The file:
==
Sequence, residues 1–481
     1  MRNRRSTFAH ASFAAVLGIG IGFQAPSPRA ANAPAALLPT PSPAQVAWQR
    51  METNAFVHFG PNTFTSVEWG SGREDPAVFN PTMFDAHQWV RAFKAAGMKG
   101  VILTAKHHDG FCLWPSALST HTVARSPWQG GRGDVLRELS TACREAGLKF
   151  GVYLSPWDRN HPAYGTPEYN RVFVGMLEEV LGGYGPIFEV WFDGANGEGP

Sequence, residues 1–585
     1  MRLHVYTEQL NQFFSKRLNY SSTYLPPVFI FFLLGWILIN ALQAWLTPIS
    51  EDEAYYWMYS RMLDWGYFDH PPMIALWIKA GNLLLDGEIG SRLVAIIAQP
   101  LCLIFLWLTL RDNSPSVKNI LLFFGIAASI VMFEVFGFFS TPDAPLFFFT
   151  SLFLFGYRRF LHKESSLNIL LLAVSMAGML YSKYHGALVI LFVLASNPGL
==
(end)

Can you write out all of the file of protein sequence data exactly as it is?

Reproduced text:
Sequence, residues 1–481
     1  MRNRRSTFAH ASFAAVLGIG IGFQAPSPRA ANAPAALLPT PSPAQVAWQR
    51  METNAFVHFG PNTFTSVEWG SGREDPAVFN PTMFDAHQWV RAFKAAGMKG
   101  VILTAKHHDG FCLWPSALST HTVARSPWQG GRGDVLRELS TACREAGLKF
   151  GVYLSPWDRN HPAYGTPEYN RVFVGMLEEV LGGYGPIFEV WFDGANGEGP

Sequence, residues 1–585
     1  MRLHVYTEQL NQFFSKRLNY SSTYLPPVFI FFLLGWILIN ALQAWLTPIS
    51  EDEAYYWMYS RMLDWGYFDH PPMIALWIKA GNLLLDGEIG SRLVAIIAQP
   101  LCLIFLWLTL RDNSPSVKNI LLFFGIAASI VMFEVFGFFS TPDAPLFFFT
   151  SLFLFGYRRF LHKESSLNIL LLAVSMAGML YSKYHGALVI LFVLASNPGL